Word to the wise: In case you’re at my level of kitchen experience (which means you know enough to have tried to bake bread before, but not enough to have ever actually succeeded at it) and you suddenly feel that you’re cool enough to use the broiler (your husband googled it after all), DO NOT disregard the suggestion to leave the oven door slightly cracked. Yes, it may make your house even hotter in a September in Georgia where summer has finally decided to descend. But if you like that pan, well…
There aren’t a lot of appropriate statements to make when you look in the oven and realize that your pan has bowed upwards from two opposite sides, as though you were trying to fold it in half diagonally (you know, and you were Superman, so you’d be strong enough to do that). I won’t tell you what I said. I will tell you that there is apparently a maximum heat level that a standard, cheap-o cookie sheet can take, and we certainly exceeded it.
My point here is that if you’re chasing a dream, I hope you’re doing it your own way. I hope you’re experimenting and seeing what works for you. Along the path, you may disregard some important advice and find out later that something got messed up from that. Don’t worry. Although it sometimes looks like it from the outside, nobody’s path to following their dream is perfectly charted. There are always miscues, mistakes, and sometimes even super flexible pans that make you want to pull out your old physics textbooks from college, along the way.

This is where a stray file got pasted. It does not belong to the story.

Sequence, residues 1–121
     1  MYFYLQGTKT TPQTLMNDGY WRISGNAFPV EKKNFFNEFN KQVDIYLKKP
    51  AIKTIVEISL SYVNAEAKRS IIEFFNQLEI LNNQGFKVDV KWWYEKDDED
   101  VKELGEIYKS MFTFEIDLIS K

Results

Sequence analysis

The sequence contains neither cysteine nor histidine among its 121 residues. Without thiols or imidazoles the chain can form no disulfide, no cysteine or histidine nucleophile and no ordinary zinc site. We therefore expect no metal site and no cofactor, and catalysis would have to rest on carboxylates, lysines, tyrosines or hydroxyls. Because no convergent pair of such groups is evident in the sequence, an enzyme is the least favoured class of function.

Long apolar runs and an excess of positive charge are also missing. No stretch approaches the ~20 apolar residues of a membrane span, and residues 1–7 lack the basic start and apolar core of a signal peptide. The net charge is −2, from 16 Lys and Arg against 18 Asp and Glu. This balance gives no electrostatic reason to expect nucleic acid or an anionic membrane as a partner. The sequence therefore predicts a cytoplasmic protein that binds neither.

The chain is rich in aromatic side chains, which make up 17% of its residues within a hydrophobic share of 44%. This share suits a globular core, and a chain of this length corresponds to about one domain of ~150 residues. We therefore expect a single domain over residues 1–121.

Don’t let it derail you. I’m not a failure in the kitchen. And you’re not a failure at following your dream, even if you mess something up in your process of finding the right way for you. You’ll have more chances to try.
Sometimes, it’s really easy for me to look at one ruined pan and think I suck. I mean, it may sound melodramatic, but there were times in the past when that would have been enough to totally throw me off my game, lose my confidence in my ability to cook at all, eat junk food, and go to bed. Instead, I kept my cool (you know, after the obligatory expletive), lowered the broiler temp and opened the oven door to let it finish up. The fish was delicious.
So this tells me that I really am getting better about not being too hard on myself when things go wrong (a decade long struggle that I am just finally starting to win!).
What about you? When something doesn’t work out, do you fall off the path or do you keep your focus and keep going?
As a side note: Once given a chance to cool down, the pan settled back into its natural, level state (actually, before I could even get a picture for Facebook!). No pans were harmed in the making of this story. But if someone does actually understand the physics behind this, I would be interested.